Though available in America for over a decade, and currently the leading internet radio service in the United States after undergoing a huge update to its mobile app to meet demand from its growing user base and recently reporting a revenue of $US 338 million last year; Pandora Internet Radio has now launched in Australia and New Zealand.
Joining the long list of digital music services that have rolled out in Australia in the last 12 months, starting with Rara, JB Hi-Fi Now, Rdio, Mog, Deezer, and market leader Spotify, (with more on the way in Justin Timberlake’s Myspace and Trent Reznor’s Daisy); Pandora has gone live today through the traditional web-based player, along with mobile apps for iOS and Android now available across the country.
“After years of preparation and anticipation we are absolutely thrilled to fully launch Pandora internationally in Australia and New Zealand,” said Pandora Founder and Chief Strategy Officer Tim Westergren.
“Personalised radio is a wonderful medium for listeners to enjoy music they know and discover music they’ll love. Now we begin the incredibly exciting process of connecting the 100,000-plus working musicians in the Pandora catalogue with millions of new listeners. What an amazing opportunity.”
Pandora operates on something called the Music Genome Project, described as “a richly detailed taxonomy of more than a million tracks”, the internet radio service focuses on personalisation that allows listeners to create their own custom stations based on their music tastes.
“Pandora combines the unique power of the Music Genome Project with an incredible trove of listener feedback in the form of over 22 billion ‘thumbs’ up and down delivered contextually on individual stations,” says Westergren.“[Pandora] has changed the way people have consumed and enjoyed music in America for the last 12 years, and I’m looking forward to seeing its adoption in Australia…” – Jane Huxley, Managing Director for Australia and New Zealand
“Together these form a personalisation engine that combines great predictive capabilities with a steady stream of discovery. This is not only valuable to listeners but also represents an unprecedented opportunity for tens of thousands of talented, emerging artists to find their audiences,” says Westergren.
As part of the Australian launch, Pandora has also created a number of specific stations spotlighting genres such as Aussie Hip Hop, Indigenous music, Indie Singer-Songwriters, and Classic Pub Rock.
With over 175 million registered users in the US, with more than 75% of listening occurring through the smartphone apps, Pandora has become a global leader in the mobile market. A fact that’s especially important to the Australian market, one of the world’s most mobile-centric societies, notes Westergren.
“With the huge number of mobile device users in Australia… we anticipate fast adoption of our free mobile apps that allow people to listen to their personalised stations on the go, wherever they are,” says Westergren.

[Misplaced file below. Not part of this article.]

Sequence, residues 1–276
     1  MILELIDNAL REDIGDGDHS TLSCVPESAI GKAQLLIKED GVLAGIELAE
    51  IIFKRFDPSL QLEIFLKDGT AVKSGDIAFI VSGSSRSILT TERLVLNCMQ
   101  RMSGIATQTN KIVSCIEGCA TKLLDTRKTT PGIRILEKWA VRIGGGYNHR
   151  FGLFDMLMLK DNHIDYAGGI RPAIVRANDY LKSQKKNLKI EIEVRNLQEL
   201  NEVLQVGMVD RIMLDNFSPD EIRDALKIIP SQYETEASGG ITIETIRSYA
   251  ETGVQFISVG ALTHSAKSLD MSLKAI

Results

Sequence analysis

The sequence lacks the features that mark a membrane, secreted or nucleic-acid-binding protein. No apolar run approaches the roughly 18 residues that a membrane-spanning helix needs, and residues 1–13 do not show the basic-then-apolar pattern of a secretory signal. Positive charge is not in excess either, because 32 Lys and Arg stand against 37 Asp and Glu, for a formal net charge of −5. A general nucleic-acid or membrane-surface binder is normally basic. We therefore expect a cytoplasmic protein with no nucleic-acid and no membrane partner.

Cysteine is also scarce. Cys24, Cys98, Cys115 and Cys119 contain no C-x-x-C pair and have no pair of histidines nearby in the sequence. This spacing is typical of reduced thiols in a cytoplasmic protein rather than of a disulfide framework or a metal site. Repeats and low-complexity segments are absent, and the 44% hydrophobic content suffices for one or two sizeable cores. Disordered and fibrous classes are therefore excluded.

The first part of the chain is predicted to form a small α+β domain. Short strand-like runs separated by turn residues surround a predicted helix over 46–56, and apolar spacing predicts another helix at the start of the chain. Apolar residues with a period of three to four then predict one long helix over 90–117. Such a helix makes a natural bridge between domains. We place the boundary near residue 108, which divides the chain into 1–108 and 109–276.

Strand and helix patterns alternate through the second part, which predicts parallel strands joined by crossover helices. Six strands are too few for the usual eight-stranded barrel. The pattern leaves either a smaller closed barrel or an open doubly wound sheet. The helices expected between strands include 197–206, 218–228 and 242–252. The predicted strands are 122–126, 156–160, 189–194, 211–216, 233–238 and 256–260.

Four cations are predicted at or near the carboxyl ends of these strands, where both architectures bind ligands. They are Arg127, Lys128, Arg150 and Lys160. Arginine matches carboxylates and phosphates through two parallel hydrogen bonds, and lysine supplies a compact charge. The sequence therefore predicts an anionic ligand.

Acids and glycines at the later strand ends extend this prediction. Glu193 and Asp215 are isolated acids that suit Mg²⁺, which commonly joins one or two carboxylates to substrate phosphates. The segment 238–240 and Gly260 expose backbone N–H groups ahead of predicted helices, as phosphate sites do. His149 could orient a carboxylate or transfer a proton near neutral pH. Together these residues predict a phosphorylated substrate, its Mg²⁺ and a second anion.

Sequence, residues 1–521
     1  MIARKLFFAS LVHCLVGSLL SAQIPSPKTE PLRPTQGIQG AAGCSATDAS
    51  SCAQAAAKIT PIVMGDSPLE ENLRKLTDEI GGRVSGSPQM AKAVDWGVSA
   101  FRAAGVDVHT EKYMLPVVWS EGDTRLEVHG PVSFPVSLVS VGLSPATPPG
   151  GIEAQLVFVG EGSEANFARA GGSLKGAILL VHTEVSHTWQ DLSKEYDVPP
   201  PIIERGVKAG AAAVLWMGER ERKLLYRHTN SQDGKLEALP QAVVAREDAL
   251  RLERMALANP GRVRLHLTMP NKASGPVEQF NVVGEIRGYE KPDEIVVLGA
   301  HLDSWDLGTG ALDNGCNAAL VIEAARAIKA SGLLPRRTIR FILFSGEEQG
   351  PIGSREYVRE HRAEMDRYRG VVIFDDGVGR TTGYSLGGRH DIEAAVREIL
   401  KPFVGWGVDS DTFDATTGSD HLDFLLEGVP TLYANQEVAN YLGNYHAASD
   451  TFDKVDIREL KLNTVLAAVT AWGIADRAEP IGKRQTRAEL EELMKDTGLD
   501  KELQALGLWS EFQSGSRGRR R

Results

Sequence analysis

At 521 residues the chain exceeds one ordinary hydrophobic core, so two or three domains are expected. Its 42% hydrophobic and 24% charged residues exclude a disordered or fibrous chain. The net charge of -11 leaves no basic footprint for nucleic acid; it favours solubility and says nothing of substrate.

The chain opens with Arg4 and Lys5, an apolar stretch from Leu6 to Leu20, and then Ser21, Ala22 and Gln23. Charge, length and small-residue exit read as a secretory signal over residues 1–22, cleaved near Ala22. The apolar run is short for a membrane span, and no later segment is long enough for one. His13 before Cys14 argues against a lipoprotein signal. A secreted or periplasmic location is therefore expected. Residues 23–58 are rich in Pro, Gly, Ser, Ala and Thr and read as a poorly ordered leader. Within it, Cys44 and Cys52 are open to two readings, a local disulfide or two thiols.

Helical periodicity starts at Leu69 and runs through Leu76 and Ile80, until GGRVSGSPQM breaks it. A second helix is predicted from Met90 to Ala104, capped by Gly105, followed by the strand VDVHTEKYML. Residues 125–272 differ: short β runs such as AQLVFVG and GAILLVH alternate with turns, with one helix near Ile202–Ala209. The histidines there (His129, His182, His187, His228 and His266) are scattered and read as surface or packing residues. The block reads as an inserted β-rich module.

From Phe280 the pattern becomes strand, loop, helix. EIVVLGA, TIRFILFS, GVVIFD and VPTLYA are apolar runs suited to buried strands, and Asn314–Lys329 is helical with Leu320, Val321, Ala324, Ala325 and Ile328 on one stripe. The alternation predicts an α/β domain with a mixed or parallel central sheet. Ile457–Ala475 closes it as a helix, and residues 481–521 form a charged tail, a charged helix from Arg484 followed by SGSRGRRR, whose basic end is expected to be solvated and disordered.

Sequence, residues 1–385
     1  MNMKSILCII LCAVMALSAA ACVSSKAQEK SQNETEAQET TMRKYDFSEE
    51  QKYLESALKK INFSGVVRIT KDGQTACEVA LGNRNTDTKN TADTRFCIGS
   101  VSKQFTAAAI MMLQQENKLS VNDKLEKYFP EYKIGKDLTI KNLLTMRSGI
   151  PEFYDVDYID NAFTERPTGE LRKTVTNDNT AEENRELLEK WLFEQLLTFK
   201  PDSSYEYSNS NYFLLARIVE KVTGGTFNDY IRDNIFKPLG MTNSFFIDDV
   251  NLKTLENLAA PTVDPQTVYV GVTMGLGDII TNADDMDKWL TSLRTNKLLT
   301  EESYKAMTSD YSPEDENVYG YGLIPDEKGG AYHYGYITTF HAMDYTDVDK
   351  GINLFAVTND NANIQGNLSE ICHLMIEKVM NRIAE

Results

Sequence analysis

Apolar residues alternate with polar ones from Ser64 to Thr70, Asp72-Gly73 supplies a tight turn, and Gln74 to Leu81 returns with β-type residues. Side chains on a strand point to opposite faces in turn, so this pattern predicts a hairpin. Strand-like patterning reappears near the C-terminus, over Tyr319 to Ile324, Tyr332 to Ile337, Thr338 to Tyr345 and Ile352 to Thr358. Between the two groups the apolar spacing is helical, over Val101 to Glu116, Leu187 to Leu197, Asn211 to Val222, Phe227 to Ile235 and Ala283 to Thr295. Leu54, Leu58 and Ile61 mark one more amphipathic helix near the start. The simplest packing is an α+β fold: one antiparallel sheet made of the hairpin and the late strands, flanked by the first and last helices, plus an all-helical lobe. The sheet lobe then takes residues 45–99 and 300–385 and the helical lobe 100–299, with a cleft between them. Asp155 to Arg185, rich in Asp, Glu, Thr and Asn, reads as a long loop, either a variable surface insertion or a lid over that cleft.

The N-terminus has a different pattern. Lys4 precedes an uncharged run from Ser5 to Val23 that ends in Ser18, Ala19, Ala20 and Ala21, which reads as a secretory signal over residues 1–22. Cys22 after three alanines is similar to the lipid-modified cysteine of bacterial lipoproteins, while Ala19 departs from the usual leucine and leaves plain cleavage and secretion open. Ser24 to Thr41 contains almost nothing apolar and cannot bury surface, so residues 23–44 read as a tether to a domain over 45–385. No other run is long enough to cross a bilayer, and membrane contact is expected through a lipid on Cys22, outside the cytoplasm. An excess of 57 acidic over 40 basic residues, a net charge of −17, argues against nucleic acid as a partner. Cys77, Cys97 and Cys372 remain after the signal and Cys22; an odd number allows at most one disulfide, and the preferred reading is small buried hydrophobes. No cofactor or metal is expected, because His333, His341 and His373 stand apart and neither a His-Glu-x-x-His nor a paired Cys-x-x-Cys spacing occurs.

Jane Huxley is the newly appointed Managing Director for Australia and New Zealand, making the leap from Fairfax Media where she handled the company’s product, mobile, video and online strategies.“With the huge number of mobile device users in Australia… we anticipate fast adoption of our free mobile apps that allow people to listen to their personalised stations on the go, wherever they are.” – Tim Westergren, Pandora Founder
“I feel as though I’ve stumbled upon music’s greatest secret and I can’t wait for Australians and New Zealanders to enjoy music in the Pandora way,” says Huxley. “The service has certainly changed the way people have consumed and enjoyed music in America for the last 12 years, and I’m looking forward to seeing its adoption in Australia… My focus for the coming year will be to grow the audience for this great new medium as fast as I can.”
However, the service hasn’t been without its problems in America, after where musicians have rallied against internet radio streaming service, after Pandora symbolically declared war on songwriters in their lawsuit against US royalties body ASCAP. Claiming that they’ve had to pay rising royalty rates to stream music as its user base grows.
“The current law penalises new media and is astonishingly unfair to internet radio,” said a statement issued by Pandora on their website, adding in their lawsuit against ASCAP that the royalties body had established rates that are “ill suited and not reasonable”, based on an ‘experimental’ licensing agreement originally set in 2005.
Meanwhile, Ted Kalo, Executive Director of musicFIRST, has helped co-ordinate nearly 125 musicians – including everyone from KISS, The Doors, Guns N Roses/Velvet Revolver bassist Duff McKagan to Billy Joel, Rihanna and Missy Elliott – to put their name to a letter opposing Pandora’s new bill, claiming that the new act will cut royalties by as much as 85%.
“These artists have joined together to tell Pandora it’s time to go back to the drawing board. We all want Internet radio to succeed, but it won’t if it tries to do so on the backs of hard working musicians and singers,” says Kalo.
Regardless of the controversy, Pandora is bound to make an impact on the Australian market, with ARIA recently recognising the importance and influence of streaming services with the new ARIA Streaming Chart, which launched its first Top 40 list yesterday.
You can head to the Australian Pandora website at www.pandora.com/new/au/music now to hear the specific genre stations, or start creating your own. While the Android and iOS apps are available for download immediately.